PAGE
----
Role of FAD-I in Fusobacterial Interspecies Interaction and Biofilm Formation.
Published Web Locationhttps://doi.org/10.3390/microorganisms8010070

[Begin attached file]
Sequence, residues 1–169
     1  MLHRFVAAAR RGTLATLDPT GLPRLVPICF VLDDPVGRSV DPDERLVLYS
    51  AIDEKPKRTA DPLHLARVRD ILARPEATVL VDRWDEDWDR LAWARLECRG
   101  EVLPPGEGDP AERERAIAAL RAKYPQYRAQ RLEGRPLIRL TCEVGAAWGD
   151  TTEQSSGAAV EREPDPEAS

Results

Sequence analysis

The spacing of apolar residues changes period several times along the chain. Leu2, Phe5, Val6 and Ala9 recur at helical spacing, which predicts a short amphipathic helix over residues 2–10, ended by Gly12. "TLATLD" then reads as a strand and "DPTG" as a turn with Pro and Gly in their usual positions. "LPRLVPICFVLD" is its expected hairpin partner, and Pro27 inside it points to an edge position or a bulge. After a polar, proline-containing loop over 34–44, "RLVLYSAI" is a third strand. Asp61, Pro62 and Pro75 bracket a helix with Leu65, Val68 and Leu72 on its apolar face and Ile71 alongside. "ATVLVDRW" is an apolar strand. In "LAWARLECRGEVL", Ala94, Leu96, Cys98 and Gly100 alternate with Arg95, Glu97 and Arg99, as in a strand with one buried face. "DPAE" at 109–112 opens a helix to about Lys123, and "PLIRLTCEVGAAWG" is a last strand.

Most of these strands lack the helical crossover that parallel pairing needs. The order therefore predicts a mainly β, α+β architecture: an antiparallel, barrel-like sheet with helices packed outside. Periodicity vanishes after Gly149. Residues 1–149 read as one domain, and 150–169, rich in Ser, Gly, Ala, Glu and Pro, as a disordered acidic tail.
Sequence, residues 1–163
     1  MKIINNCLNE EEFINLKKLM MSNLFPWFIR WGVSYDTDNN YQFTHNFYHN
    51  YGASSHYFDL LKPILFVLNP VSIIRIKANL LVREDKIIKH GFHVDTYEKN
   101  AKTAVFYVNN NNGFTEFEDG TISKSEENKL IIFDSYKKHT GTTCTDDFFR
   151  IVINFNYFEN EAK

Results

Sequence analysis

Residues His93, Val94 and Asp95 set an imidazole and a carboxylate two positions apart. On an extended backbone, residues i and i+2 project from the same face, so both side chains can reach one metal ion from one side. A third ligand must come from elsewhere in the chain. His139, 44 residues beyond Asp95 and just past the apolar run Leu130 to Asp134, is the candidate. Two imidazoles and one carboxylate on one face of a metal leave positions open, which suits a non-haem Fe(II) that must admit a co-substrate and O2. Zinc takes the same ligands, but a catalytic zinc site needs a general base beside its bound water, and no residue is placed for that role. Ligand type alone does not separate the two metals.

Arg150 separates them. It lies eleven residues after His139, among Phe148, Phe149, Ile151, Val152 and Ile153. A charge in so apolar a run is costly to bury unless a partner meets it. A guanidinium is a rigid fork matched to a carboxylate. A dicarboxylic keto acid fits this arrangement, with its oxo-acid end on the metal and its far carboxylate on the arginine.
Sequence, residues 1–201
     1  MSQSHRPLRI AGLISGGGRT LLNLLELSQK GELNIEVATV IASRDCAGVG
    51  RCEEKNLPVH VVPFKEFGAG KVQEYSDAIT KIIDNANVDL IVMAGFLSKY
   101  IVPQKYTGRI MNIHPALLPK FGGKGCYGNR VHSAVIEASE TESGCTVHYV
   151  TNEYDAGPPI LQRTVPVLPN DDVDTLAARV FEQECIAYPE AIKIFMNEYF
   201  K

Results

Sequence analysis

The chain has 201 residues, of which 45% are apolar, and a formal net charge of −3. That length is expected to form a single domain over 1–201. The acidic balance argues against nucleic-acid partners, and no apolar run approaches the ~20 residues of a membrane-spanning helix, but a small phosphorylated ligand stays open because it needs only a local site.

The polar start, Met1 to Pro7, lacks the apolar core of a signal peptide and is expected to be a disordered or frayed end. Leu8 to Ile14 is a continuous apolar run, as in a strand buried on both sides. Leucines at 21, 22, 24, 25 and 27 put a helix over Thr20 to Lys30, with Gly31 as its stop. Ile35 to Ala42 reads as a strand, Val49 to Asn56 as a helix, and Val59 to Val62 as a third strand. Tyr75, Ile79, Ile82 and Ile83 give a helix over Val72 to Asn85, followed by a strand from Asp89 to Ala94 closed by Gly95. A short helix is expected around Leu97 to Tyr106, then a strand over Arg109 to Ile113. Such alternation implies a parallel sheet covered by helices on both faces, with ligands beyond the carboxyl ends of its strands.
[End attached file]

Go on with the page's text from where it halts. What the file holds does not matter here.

: RadD, a major adhesin of oral fusobacteria, is part of a four-gene operon encoding the small lipoprotein FAD-I and two currently uncharacterized small proteins encoded by the rapA and rapB genes. Previously, we described a role for FAD-I in the induction of human B-defensin 2 (hBD2) upon contact with oral epithelial cells. Here, we investigated potential roles for fad-I, rapA, and rapB in interspecies interaction and biofilm formation. Gene inactivation mutants were generated for each of these genes in the nucleatum and polymorphum subspecies of Fusobacteriumnucleatum and characterized for their adherence to partner species, biofilm formation, and operon transcription. Binding to Streptococcusgordonii was increased in all mutant strains with Δfad-I having the most significant effect. This increased adherence was directly proportional to elevated radD transcript levels and resulted in significantly different architecture and height of the biofilms formed by Δfad-I and S.gordonii compared to the wild-type parent. In conclusion, FAD-I is important for fusobacterial interspecies interaction as its lack leads to increased production of the RadD adhesin suggesting a role of FAD-I in its regulation. This regulatory effect does not require the presence of functional RadD.